From hiring clinicians to establishing a crisis text line, Miami University students will soon see the benefits of a near $1 million grant from the Ohio Department of Higher Education (ODHE) designed to bolster mental health services.
Miami was awarded a total of $979,650 over the next two fiscal years dedicated to student mental health support. House Bill 33 included a $20 million line item to be distributed to Ohio’s public and not-for-profit campuses. A formula was then used to determine the allocation of funds to eligible institutions.
Steve Large, Miami’s assistant vice president for health and wellness in the Division of Student Life, said the funding will be used to build upon and advance recent efforts the university has prioritized pertaining to student mental health. Goals include increasing campus-wide knowledge, awareness, and access to available care options and creating sustained community-based programs and initiatives.
“ODHE’s support allows us to continue to think broadly and creatively about how to best serve our students,” Large said. “It’s meaningful to see this level of support from the governor and the governor’s office. It reinforces that we are part of a bigger community as a public university in Ohio that really understands and supports mental health. That’s a good feeling.”
Collaboration was key during the application process, Large said, noting the involvement of the office of ASPIRE, the president’s office, Miami Regionals, and representatives from Oxford’s departments of Student Counseling Service, the Office of Student Wellness, and the grants office.
“Our process was highly collaborative and very intentional,” Large said. “Everything suggested in this grant application was done so because we thought it would have a meaningful impact.”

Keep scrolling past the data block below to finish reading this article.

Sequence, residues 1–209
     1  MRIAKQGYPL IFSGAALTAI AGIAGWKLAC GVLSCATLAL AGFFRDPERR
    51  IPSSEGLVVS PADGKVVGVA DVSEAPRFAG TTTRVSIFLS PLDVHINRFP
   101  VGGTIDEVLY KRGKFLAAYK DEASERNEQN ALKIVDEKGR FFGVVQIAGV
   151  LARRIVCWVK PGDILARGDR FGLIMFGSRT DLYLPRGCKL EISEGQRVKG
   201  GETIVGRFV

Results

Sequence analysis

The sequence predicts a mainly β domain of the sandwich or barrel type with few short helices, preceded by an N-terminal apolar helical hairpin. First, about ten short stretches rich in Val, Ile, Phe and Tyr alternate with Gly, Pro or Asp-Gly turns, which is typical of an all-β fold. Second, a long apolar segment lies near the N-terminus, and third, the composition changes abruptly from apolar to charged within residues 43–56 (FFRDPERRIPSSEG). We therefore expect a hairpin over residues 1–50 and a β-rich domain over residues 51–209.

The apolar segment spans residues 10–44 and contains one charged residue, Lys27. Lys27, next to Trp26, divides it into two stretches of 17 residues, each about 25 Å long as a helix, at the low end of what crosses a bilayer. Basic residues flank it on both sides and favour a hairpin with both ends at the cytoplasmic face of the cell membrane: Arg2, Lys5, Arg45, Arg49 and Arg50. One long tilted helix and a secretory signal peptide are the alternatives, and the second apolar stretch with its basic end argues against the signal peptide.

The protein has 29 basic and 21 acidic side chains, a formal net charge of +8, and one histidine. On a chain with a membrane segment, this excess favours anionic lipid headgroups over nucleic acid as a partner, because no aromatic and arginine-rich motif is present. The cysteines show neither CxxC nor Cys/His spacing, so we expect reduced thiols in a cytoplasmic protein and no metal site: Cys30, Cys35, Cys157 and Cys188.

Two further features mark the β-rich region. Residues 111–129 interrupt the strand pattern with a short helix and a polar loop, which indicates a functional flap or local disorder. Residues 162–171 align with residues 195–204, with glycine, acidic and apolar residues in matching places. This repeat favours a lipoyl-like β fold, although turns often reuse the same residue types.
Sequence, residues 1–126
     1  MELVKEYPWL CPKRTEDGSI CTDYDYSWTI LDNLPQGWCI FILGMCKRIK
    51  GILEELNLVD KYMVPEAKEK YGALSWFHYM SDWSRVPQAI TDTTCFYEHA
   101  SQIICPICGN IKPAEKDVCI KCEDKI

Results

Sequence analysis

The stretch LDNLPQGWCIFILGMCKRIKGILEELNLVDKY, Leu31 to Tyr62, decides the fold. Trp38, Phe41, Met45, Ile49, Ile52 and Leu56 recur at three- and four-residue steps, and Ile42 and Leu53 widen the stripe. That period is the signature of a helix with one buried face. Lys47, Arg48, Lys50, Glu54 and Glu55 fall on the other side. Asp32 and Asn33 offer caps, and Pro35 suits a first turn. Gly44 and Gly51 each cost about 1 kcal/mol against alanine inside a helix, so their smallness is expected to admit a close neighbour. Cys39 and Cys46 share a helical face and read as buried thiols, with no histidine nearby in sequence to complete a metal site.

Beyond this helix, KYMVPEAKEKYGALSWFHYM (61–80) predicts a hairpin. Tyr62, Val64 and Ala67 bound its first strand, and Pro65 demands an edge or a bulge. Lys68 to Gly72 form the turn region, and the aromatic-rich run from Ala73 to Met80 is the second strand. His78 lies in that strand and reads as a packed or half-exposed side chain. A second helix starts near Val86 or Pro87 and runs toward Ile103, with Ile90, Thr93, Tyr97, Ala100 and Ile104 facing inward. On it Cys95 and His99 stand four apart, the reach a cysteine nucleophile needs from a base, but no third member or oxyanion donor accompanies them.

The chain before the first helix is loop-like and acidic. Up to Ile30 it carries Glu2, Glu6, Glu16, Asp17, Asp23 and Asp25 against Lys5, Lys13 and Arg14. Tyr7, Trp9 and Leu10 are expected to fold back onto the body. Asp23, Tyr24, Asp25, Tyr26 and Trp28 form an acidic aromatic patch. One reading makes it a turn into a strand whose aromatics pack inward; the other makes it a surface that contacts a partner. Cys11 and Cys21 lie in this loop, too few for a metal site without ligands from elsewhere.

Determining impact was made easier due to Miami’s use of a “stepped care” philosophical framework to serve students. This framework, adapted from Peter Cornish’s “Stepped Care 2.0” model (2020), is an evidence-based, multi-stage approach to organizing the delivery of mental health care in such a way that promotes the full range of services offered on campus.
“Students often assume their only option for support is individual counseling. The framework ultimately ensures that students engage the right level of service or support as their needs change over time.” Large said.
As the university implements the plan associated with ODHE’s funding and continues the work of last year’s institutional mental health taskforce, the input and involvement of others is welcomed.
“We hope to inspire everybody to be engaged in the conversation,” Large said. “We want mental health to be prioritized in such a way that everyone across campus feels sufficiently informed and empowered to talk about it.”